The four sections of the coffee table book will now cover the Penang Free School, the Old Frees' Association, prominent alumni who are now deceased and personal reflections from present Old Frees who continue to make their marks locally and around the world.

Among the prominent Old Frees that have passed away, we shall be featuring Tuanku Syed Putra Jamalullail, Tunku Abdul Rahman, Dr Lim Chong Eu and Dr Wu Lien Teh. We've also lined up short biographies of people like P Ramlee, Zainul Abidin bin Sultan Mydin and Husain Abdoolcader. Old Frees that contributed to modern Singapore would be their four distinguished judges: Wee Chong Jin, Tan Ah Tah, AV Winslow and AWD Ambrose.

Thursday, 2 February 2012

A blundering bigot and a social scumbag

I am so disgusted. He calls himself a Malaysian but he knows shit about other people's culture. Don't tell me that he has lived so old and yet he does not understand the multi-culturalism of this country. He is a failure and a damn embarrassment to the Malays that he claims to represent. His blunders are proof of his lack of understanding and insensitivity. Everything he does are just political ploys. Everybody is sick and tired of his antics and the diarrhea that spews from his orifices.

Claiming ignorance of other people's cultures does not cut ice with me or anyone. Haven't we heard before that ignorance of the law is no excuse? Likewise ignorance of other people's culture - especially when we all grow up in the same plural society - is no excuse. If you call yourself a politician, you are expected to know a lot of things about the people whose paths you will cross.

Imagine if a doctor does not understand what goes on inside a human body; imagine if a teacher does not understand the subject he is teaching; imagine if a salesman does not understand the products he is selling; imagine if a pilot does not understand the controls in the cockpit; imagine if a fishmonger does not understand how a fish dies outside of its environment; imagine if a fruit seller does not understand when his fruits have gone bad.... I can't imagine all these people not knowing anything about the things they do. Similarly, I can't imagine how people can call themselves politicians and champions of their races when they do not understand other cultures' points of view. How can they ever make comparisons when they only look at events from a single direction?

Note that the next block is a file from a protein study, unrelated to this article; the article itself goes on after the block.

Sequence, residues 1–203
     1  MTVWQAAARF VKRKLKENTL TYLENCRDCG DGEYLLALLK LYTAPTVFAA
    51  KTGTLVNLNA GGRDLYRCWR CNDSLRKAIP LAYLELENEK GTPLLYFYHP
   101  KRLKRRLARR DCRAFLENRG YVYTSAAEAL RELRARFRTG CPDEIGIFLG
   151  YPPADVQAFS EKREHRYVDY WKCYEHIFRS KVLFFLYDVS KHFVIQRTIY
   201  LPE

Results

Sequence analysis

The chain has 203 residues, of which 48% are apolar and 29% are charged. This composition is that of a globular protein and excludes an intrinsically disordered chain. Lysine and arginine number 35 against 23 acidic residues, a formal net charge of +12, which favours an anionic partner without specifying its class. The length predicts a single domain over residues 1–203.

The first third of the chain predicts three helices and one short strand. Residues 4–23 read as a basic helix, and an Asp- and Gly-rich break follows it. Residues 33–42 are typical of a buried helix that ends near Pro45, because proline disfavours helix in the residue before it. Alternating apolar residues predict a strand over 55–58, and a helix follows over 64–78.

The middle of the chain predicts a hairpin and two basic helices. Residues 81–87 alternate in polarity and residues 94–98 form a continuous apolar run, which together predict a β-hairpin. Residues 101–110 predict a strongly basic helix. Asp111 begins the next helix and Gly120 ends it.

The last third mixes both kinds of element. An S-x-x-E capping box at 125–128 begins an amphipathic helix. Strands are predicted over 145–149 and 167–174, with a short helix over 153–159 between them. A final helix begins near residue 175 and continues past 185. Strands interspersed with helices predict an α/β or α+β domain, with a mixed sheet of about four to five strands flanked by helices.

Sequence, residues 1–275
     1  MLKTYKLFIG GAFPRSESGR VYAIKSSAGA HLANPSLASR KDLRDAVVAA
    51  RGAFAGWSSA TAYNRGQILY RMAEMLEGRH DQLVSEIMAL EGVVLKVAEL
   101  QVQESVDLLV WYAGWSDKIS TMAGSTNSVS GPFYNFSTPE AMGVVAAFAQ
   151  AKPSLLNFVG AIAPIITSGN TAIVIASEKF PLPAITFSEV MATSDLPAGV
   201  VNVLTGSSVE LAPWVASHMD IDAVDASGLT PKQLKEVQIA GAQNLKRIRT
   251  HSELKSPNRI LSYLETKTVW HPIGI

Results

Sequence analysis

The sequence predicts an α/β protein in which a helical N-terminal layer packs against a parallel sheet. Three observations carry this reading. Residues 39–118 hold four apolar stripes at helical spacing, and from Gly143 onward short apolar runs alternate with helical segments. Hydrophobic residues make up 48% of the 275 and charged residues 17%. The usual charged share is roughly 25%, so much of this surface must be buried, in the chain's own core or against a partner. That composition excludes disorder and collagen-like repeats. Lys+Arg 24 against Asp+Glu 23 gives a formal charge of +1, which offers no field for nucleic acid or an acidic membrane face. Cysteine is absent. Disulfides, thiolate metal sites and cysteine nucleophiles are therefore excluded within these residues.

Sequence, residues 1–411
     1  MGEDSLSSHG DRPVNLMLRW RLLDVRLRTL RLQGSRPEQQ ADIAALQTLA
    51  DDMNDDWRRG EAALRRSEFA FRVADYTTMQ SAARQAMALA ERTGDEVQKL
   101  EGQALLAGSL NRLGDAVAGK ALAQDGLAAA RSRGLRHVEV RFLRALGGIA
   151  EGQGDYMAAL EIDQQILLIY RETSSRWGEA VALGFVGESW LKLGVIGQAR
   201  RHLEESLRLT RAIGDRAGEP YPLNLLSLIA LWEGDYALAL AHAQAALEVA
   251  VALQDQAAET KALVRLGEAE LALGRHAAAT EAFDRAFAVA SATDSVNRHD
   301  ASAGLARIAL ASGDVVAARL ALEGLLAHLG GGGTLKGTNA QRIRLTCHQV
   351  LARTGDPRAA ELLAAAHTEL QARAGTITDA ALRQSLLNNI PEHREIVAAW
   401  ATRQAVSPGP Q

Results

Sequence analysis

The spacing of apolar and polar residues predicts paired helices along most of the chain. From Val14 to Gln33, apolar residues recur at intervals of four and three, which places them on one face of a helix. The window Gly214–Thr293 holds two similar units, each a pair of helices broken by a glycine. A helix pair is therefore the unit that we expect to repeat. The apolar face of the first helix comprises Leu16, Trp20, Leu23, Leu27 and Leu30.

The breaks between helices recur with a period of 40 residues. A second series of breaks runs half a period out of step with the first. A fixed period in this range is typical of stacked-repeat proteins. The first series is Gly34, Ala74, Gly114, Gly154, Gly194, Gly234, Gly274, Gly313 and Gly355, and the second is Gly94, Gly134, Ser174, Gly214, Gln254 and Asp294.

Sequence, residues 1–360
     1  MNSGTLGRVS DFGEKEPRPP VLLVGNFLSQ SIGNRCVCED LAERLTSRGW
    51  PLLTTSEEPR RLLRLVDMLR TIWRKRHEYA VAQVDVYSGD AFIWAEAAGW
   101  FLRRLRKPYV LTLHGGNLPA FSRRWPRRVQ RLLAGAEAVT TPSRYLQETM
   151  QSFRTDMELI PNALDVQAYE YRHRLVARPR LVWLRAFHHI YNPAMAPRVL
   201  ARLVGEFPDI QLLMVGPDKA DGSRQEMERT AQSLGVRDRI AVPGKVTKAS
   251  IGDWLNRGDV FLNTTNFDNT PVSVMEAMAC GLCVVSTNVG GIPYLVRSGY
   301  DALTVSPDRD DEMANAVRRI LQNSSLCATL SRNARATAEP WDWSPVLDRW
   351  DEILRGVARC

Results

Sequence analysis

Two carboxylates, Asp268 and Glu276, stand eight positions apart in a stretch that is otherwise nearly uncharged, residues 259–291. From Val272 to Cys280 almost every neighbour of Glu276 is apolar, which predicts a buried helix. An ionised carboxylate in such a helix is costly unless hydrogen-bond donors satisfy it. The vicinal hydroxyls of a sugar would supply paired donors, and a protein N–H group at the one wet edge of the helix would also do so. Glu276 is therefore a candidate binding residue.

Ibrahim Ali is the worst type of political ignoramus that lives among us. No, ignoramus is too polite a word to use on him. Social scumbag, perhaps, is a better term but I'll be dashed if he even understands it. But the important issue is, how can he claim to be a champion of Malay rights when he doesn't know anything about the cultures of other races. How can he tell when his Malay rights are being challenged when he doesn't understand other people at all? Does he even understand his own rights in the bigger picture?

That he was going around on Chinese New Year to give white packets to the elderly Chinese is an affront to the Chinese everywhere.

I don't know how in the first place these elderly Chinese folks were convinced to attend this questionable function but I heard that the arrangements were made by this chap from a Chinese political party. If he had his wits around him, he would have protested the moment that white packets were distributed. In fact, he should have distanced himself from this event right from the start. But no, it looked like a happy collusion. This is a sell-out of his own culture. Idiot, you have just shamed the Chinese community that you claim to represent!

It doesn't take a ten-year-old child of any race in this country to understand that RED is the colour of celebration for the Chinese. White, you shameful bigot, is the colour of death and mourning. You don't even need to be taught this basic observation of Malaysian multi-culturalism. If you had just kept your eyes open, you can see for yourself that Chinese New Year and RED go together. Unfortunately, your mind is a closed book. A thin, closed book with no printing. That's you, all right. And no amount of blundering sleight of hands or excuses is going to change that ugly perception of you.